Mild traumatic brain injury (mTBI) does not only affect those who suffer the injury. That said, of course the person who is injured will be extremely impacted by the injury; however, it is important to realize that the lives of their close friends and family will also be changed.
If you are a loved one of someone who is suffering from an mTBI, you will likely go through difficulties as you struggle to accept the injury, your new situation, and the new person who has replaced the person you knew before the injury.
Common Emotional Reponses
There is a range of emotions that you may go through as you cope after someone you love has sustained a brain injury.
Often, denial of the injury’s severity is the first response, particularly because brain injuries are “invisible” injuries. This can be detrimental in coping with the injury and helping your loved one get the support they need.
Helplessness and sadness are other common reactions. You will want to help your loved one and see them return to the person they were before the injury, but sometimes this is not possible. As you realize life will not be the same, you may mourn the changes brought about by the mTBI.
Other emotions that loved ones often experience are frustration and anger, leading to guilt. Dealing with someone with a brain injury requires an abundance of patience, and it can be hard to keep a level head – especially because as you are helping your loved one, you are also trying to re-define your own life. You may be frustrated or angry with the injured person’s inability to control their behavioural, emotional, or physical changes. These emotions can turn into guilt as you regret your angry feelings or short-tempered reactions.
All of these emotions are normal, although they can differ from person to person. It is important to acknowledge your feelings as a normal response to these (sometimes drastic) life changes.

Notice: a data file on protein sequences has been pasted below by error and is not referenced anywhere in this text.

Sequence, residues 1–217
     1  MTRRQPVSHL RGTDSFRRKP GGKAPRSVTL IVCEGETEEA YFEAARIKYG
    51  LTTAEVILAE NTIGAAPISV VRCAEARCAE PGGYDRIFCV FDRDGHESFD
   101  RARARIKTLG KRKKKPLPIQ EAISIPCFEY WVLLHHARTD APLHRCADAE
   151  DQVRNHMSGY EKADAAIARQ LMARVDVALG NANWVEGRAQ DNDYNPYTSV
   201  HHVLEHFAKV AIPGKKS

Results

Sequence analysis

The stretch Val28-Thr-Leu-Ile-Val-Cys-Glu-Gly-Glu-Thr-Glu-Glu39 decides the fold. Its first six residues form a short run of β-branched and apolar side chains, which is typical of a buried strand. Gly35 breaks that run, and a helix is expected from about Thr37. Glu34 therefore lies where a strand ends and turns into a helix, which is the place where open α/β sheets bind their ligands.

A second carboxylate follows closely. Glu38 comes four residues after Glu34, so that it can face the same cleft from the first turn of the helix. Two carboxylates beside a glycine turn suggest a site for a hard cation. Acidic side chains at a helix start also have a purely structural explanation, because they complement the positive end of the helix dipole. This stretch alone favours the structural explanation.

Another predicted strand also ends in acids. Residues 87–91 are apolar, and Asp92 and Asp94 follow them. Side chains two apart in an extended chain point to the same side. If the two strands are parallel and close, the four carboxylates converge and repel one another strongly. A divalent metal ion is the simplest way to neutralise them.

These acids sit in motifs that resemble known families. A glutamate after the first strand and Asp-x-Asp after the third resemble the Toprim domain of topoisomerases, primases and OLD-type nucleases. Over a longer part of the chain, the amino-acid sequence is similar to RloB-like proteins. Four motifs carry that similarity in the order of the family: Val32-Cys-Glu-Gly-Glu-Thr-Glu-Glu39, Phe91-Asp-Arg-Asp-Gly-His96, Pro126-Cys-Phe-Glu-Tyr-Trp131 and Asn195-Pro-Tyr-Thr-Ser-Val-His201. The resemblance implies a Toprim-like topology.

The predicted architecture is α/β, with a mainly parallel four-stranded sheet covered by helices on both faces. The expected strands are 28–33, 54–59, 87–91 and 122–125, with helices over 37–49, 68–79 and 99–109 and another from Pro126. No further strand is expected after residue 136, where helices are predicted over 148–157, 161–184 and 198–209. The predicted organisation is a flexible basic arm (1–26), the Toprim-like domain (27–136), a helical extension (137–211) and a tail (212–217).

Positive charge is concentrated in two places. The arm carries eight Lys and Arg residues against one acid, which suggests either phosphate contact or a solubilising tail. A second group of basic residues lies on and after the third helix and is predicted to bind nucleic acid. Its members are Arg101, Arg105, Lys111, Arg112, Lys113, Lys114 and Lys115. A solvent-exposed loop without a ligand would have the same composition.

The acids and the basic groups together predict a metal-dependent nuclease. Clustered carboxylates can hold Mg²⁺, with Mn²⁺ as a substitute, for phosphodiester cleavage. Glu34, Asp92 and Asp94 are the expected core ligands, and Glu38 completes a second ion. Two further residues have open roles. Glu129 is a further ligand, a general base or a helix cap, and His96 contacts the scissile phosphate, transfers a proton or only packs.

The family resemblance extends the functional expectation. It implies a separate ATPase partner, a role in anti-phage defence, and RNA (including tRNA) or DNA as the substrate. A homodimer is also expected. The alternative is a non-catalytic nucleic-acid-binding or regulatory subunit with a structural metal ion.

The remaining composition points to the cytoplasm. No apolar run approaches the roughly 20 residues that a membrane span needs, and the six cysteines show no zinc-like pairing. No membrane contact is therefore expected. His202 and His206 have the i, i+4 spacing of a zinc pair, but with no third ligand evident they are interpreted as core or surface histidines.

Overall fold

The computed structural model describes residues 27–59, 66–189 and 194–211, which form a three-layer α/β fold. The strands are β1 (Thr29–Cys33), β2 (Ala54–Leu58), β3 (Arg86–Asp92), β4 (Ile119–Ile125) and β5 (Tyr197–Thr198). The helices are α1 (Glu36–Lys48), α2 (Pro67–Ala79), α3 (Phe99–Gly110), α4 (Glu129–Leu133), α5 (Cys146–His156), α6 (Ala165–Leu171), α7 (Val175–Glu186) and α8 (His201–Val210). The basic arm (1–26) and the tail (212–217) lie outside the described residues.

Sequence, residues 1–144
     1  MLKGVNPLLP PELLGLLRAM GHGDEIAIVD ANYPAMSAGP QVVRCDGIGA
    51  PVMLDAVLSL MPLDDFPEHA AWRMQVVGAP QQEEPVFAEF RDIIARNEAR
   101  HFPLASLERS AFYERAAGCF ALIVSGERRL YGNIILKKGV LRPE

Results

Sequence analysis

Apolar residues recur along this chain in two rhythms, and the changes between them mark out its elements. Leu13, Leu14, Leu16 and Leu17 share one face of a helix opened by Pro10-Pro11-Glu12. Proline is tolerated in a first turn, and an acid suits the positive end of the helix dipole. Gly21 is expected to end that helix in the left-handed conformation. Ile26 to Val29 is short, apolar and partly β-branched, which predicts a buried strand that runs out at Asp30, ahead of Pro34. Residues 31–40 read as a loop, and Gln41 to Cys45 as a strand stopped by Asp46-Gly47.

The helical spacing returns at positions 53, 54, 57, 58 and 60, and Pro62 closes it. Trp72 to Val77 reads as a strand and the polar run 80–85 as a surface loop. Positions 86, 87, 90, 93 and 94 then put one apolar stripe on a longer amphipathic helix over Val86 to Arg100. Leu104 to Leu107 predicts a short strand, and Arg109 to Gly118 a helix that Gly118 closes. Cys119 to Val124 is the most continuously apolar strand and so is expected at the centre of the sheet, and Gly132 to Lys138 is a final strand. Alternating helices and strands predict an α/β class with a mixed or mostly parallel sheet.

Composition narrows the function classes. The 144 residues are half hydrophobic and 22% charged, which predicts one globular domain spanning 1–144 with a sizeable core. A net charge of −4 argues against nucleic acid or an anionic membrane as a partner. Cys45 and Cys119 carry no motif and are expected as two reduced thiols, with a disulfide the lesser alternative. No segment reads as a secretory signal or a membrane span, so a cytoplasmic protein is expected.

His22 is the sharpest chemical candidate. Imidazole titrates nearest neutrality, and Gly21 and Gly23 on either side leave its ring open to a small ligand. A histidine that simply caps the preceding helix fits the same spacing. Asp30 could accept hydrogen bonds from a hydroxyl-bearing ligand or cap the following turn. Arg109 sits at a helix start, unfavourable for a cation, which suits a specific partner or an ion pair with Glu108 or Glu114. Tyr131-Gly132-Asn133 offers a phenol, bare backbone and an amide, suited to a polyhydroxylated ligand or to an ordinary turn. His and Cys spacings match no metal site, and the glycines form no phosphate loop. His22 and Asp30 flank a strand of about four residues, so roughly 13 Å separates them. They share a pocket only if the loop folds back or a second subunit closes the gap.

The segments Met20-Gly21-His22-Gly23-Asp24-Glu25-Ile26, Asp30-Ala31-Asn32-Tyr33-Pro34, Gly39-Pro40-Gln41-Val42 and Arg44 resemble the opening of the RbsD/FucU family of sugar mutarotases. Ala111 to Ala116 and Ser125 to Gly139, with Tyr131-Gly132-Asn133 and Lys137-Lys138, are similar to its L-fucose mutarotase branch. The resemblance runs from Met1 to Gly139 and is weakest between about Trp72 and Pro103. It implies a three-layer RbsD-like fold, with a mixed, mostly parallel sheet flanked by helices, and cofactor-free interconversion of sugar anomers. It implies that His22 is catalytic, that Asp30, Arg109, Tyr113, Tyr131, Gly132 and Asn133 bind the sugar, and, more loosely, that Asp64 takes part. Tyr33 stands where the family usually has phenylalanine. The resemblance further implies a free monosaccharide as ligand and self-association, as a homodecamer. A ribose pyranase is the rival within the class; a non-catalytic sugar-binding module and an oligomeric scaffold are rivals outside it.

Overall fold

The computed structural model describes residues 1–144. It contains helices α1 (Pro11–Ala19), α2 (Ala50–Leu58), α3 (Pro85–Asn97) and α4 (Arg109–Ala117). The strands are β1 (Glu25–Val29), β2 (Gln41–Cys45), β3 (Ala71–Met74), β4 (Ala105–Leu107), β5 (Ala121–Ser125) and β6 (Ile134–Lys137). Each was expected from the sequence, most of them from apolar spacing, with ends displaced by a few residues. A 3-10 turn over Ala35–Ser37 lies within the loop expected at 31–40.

Helpful Tips for Supporting a Loved One with an mTBI
As friends, family, and partners help their loved ones through the recovery process, it can help to have some practical suggestions to approach the situation with.
- Educate yourself about mTBI and the medical reasons behind your loved one’s challenges; this can be accomplished by asking your loved one’s neurologist or doctor for insight, using online resources, or reading an informational book about mTBI.
- Learn the stages of recovery to better understand what your loved one is going through.
- Help your loved one set realistic goals and strategies for reaching them; then, help track progress and be sure to celebrate accomplishments.
- Use your loved one’s name and make sure you have their attention before telling them something important, to increase the chances that they will receive your message.
- Structure the day and develop a routine; use external cues, such as alarms, as reminders to keep your loved one on track.
- Separate activities into smaller tasks that are more easily completed.
- Realize that you may have to take on more of the regular chores than you did before the injury.
The New Person
- Make an effort to get to know the new person and avoid comparisons to the person they were before the brain injury.
- Ask the injured person about their emotions and legitimize their responses through acceptance.
- Rather than focusing on what has been lost, focus on talents and skills your loved one still possesses.
- Discover services for aiding people with mTBI in home, workplace, and community; you do not have to do this alone.
- Find others in similar situations through support groups.
- Consider counseling by a professional who specializes in mTBI, especially if you and your loved one are experiencing emotional or martial problems as a result of the injury.
- Be sure to take time for yourself and continue to pursue activities that you enjoy.
Above all, you must be patient with the injured person. Remember that they are often not able to control their behaviour or express themselves fully. It may not be easy, but eventually you will be able to settle into a “new normal” with your loved one.
A good resource for those suffering from mTBI and their loved ones is the Ontario Brain Injury Association (OBIA). They provide information and guidance for people living with brain injuries in Ontario.
If you or a loved one has suffered a brain injury at another party’s fault, you can seek the help of an experienced personal injury lawyer to help ease the financial burden. Contact us for immediate support and a free consultation.
- A Silent Epidemic: Minor Traumatic Brain Injury – Science Daily
- What You Need to Know About Sports-related Injuries: Mild Traumatic Brain Injuries and Concussions
- What are the Symptoms and Effects of a Traumatic Brain Injury?
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